The newsLINK Group - The Franchise System - A Brief History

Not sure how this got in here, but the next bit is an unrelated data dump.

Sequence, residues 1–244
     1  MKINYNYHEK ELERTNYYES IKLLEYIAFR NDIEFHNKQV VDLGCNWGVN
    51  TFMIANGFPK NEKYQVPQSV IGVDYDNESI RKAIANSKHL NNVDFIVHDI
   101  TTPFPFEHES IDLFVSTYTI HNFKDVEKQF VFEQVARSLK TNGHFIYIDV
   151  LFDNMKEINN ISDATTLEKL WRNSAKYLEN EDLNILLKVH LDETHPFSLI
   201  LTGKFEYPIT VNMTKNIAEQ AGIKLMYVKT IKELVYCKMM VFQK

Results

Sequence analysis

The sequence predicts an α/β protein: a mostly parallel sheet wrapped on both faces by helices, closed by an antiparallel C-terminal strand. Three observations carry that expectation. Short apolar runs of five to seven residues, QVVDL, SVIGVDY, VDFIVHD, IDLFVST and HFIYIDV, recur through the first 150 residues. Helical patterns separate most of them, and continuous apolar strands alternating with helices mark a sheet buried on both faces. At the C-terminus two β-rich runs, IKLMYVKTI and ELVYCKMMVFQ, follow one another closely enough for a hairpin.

Editorial Library Category: Automobile Topics: Franchise History Title: The Franchise System – A Brief History Author: newsLINK Staff Synopsis: Some dealerships developed naturally. A blacksmith was an obvious choice; so was any store that sold goods such as farm equipment, horse supplies, tools, or tires. Car manufacturers soon realized that there was a real benefit to this arrangement. They concentrated on making the cars and let someone else sell them. Editorial: The Franchise System – A Brief History 4064 South Highland Drive, Millcreek, Utah 84124 │ thenewslinkgroup.com │ (v) 801.676.9722 │ (tf) 855.747.4003 │ (f) 801.742.5803 Editorial Library | © The newsLINK Group LLC 1 The first practical car was built by a German mechanical engineer named Karl Benz in 1885. Nobody could have foreseen what was going to happen next. Henry Ford, who started the Ford Motor Company in October 1903 when he was 40 years old, wanted to build cars for “the great multitude,” and that is exactly what he did. The Model T Ford, which sold for 19 years starting in 1908, had an initial price tag of $950. It was sold later on for as little as $280. Almost 15,500,000 Model T Fords were sold in the U.S.; as more and more people began driving them, it marked the beginning of the Motor Age. The business of building a car, it turned out, was something that needed specific ingredients in order to thrive. Geography mattered — so did access to materials, innovators, and businesses that could act as subcontractors. As a result, a tremendous amount of synergy was generated in two places that had all the right resources, Ohio and Michigan, and all the pieces came together for the creation of a new industry. Since Henry Ford lived in Michigan, along with other notable people like Ransom Olds, Ohio’s early involvement decreased over time and Detroit became the capital of automobile manufacturing in the U.S. Although more than 200 different companies got involved in the car business during its first 15 years, only three companies eventually dominated the market, and all three companies had their headquarters in the area around Detroit, Michigan. Those companies, of course, were Chrysler, Ford, and General Motors. That created an obvious problem. If cars are being built in one or two geographical areas, how do you sell them to all the people who live somewhere else? Developing a franchise system was the logical solution. Some dealerships developed naturally. A blacksmith was an obvious choice; so was any store that sold goods such as farm equipment, horse supplies, tools, or tires. Car manufacturers soon realized that there was a real benefit to this arrangement. They concentrated on making the cars and let someone else sell them. They saw dealerships as a way to give themselves access to a network of potential customers without necessarily having to take on the risk that would have been involved if they’d built the network themselves. Dealers gave the manufacturers large deposits and agreed to accept the cars that were built on a regular schedule. This provided car manufacturers with the much-needed cash they had to have in order to continue growing and innovating, but it also put the dealerships in the position of being investors, along with the associated risks that come with giving someone else a big chunk of cash without having any guarantees of making a profit. It worked because when people came in and saw the cars that were for sale, they wanted them. But it was still a tremendous financial risk that mostly benefited the car manufacturers. The first franchised dealerships signed agreements with the companies that were manufacturing cars, establishing a pattern that continues today. In exchange for exclusive distribution rights within a large geographical area for about a year, the dealers agreed to do the following: Create and maintain a showroom and a repair shop Keep a reasonable number of cars on the lot Sell within the specified geographical area These requirements still exist in current franchise agreements. By 1910, the car manufacturers began to require that dealers create sub dealers within their geographical area. The result was a large number of independent franchisees. However, as the car manufacturers became more powerful than the many dealerships, problems began to develop because the car manufacturers could, and did, treat dealers poorly. The fact was, manufacturers had more economic power and bargaining strength than the dealerships did. Needless to say,

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